Someone told me the other day that he had randomly encountered my blog while perusing the net, without even knowing my last name. And my first reaction was panic: which blog? what sort of embarrassing drivel about me can be easily found and read? What kinds of footprints have I made on the world wide web in my last ten years of internet life?
I did a search with my first name and location and encountered a few pictures, my YouTube channel (lord, must delete that soon), the link to this blog, an interview, some articles, and years worth of funny quotes. Remember the days of Xanga? High school and first year of college, first boyfriends, endless instant messaging, belly-deep laughter, procrastination, crazy youth.
I spent all night last night dying of laughter while rereading all of the quotes we put up on Xanga our freshmen year of college, that year of music majors on 7J and unbridled insanity. That spontaneity is what I miss. Being young, living with crazy people, not giving a shit, making the wrong decisions, growing from them, meeting the right people at the wrong time, recording quotes because there were just so many things said that were worth remembering. There were so many unexpected lines. The first year of complete independence out from under our parents’ roof, still young but taking those first steps towards reconciling our egos and insecurities with the real world, with new people.
Among all the remembered conversations were also poems, a start of a long, continuous process of feeling and how I wanted to recognize those feelings with words –well-chosen words. Poems that I’d completely forgotten about. An age that I’d forgotten about. The years I turned 18, and 19. And the updates which back then were so banal, so un-meditated, and yet which constitute a considerable part of my life hidden in the virtual pages of an old, obsolete online diary.
My roommate Lauren and I shared a love of writing down things, remembering things, especially the ones that gave evidence to happy, had-to-be there moments. Real and unrepeatable moments. We harbored a life-long relationship with sound, shared a pair of speakers, admired Pablo Neruda, e.e. cummings. There are some things that surprise and delight you when they re-surface in your brain; other things are just impossible to forget. Tact, joy, weightlessness in love, music.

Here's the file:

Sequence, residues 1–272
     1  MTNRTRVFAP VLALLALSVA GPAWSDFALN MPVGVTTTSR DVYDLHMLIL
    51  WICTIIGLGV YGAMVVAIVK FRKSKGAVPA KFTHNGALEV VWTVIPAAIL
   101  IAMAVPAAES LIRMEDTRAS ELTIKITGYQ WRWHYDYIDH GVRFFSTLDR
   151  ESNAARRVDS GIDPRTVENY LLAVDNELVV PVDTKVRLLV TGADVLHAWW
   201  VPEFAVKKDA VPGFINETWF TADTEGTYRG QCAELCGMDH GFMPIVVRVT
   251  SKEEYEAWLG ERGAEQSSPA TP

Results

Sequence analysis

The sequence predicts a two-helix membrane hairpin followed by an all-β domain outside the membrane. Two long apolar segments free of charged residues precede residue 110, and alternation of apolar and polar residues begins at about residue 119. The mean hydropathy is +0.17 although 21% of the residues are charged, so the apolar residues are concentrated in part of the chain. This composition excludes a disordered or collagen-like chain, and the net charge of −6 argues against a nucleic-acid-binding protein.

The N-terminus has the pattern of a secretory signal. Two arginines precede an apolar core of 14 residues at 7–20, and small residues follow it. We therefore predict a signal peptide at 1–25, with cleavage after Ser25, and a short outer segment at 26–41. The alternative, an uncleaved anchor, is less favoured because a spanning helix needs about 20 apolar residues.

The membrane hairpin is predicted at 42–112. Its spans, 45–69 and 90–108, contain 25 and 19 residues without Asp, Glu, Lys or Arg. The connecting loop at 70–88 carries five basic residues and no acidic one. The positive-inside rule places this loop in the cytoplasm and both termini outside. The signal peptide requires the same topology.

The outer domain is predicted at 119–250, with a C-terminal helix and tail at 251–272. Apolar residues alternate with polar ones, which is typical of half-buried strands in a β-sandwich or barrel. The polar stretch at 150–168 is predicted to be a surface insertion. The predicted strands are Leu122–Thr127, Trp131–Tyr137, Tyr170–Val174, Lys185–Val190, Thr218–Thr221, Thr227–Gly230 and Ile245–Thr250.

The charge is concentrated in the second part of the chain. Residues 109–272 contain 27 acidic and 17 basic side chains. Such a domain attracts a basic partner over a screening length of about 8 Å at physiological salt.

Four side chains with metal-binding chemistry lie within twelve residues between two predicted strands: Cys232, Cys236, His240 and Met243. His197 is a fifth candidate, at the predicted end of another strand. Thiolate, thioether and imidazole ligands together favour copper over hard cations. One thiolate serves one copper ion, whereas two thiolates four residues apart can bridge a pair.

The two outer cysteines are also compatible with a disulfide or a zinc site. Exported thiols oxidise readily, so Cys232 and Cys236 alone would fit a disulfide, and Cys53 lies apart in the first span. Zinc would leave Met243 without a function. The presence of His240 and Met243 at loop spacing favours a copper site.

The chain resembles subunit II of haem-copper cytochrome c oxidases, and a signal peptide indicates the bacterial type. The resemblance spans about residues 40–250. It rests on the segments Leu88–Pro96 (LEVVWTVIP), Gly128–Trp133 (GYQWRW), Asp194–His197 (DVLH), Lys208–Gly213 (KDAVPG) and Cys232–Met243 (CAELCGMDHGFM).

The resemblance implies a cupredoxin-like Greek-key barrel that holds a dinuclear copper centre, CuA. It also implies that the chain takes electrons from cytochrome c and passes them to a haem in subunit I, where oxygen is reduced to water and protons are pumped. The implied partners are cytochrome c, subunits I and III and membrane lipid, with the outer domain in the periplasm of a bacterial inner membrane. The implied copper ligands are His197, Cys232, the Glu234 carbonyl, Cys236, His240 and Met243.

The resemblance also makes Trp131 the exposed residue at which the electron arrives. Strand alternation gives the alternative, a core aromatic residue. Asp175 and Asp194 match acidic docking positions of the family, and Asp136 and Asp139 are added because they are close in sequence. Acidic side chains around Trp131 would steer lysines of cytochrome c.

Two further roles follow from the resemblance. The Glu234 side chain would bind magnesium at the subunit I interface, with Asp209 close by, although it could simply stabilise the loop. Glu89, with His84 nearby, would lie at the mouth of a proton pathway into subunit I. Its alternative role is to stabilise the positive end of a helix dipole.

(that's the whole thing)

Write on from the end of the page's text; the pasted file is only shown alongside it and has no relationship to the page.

There are times when I write more, and times when I don’t as much. That year it was non-stop, I devoured pages like I usually do when a sensation has been deeply ingrained in me, when a feeling is newly ignited, when a bit of pain or desire makes me remember how alive I am again.
An untitled poem, written May 11th, 2005
this where she slept –
where the fluffy yellow floral
comforter bore her abrupt naps –
this where day sprawled its
gentle face and the
broiling dark grey of dusk
and rainy days sought a
place in our room –
our room –
where out of habit we knew
which drawer kept our socks
and skirts and –
how the seaons did rotate
in our closets –
the mornings of her early showers
nights of quiet “petalling”
of our pens clicking of
keyboards or raucouses in
the hallway –
how does habit become
something you will miss
and forget as years erase them –
little things so crazily dear –
like the door snatching at the
neighborly noises – her laugh and
her fingers when she
One of the best things about coming home is going to festivals where you get free food. What a better way to show my patriotism than by standing in line with a free Wawa hat in front of Independence Hall, waiting to get a free hoagie? And iced tea? And bag of chips? I’ved missed Wawa, and not necessarily hoagies, but rather cheesesteaks and breakfast sandwiches. The list of greasy foods can go on.
Another feature of homecoming during the summers is my yearly date with Lauren, my first college roommate, who is even more of an enthusiast of free food, and who gives me the annual update on all of our old classmates – weddings, babies, drama, romances, repeating histories. Seven years is a lot when I think about it; even a year is difficult to re-cap within the time it takes to have coffee or dessert.
When we first moved into the 7th floor of Johnson, we immediately bunked our beds, me on the top, her on the bottom. That made room for the ugly chair, which promptly arrived and became the site of book reading, naps, hallway wars and congregations, etc. When she first saw it, fresh from a second-hand South Street store, she gave it one look and said, “We might need a cover for that.” Though we never did cover it up, hence the name.
She kept her violin under the bed. I’d always envied musicians with such portable, easy-to-hide instruments. Mine was always inconsistent and monstrously lurking in basement glass cubicles. We printed out monthly practice charts and taped them to the back of our door to track our practicing habits, which we always claimed were bad.
On quiet, war-free nights, we wrote in our journals silently under the lamplight. We weren’t the kind of roommates who chatted incessantly til dawn, but rather we shared silence and music well. We would even message each other on the internet while sitting inches away. I’m sure every roommate has done that. When we did talk, I liked listening to her because, as an open and reasonable person, she always had, and still always has, some outlandish or tragic or funny story to tell.
We shared our fondness for e.e. cummings.
I still remember what the door sounded like opening and its tact, the turn of the key and knob. If you weren’t careful it would slam, as it usually did in the neighboring boys’ rooms. She was an extremely light sleeper.
We went to concerts together. Sometimes we went to parties together. Once we came home and, laughing uncontrollably, took photos of ourselves smiling drunkenly together in the dark, the Christmas lights blinking in the background. In our room it was eternally Christmas. And spring was always a perhaps hand.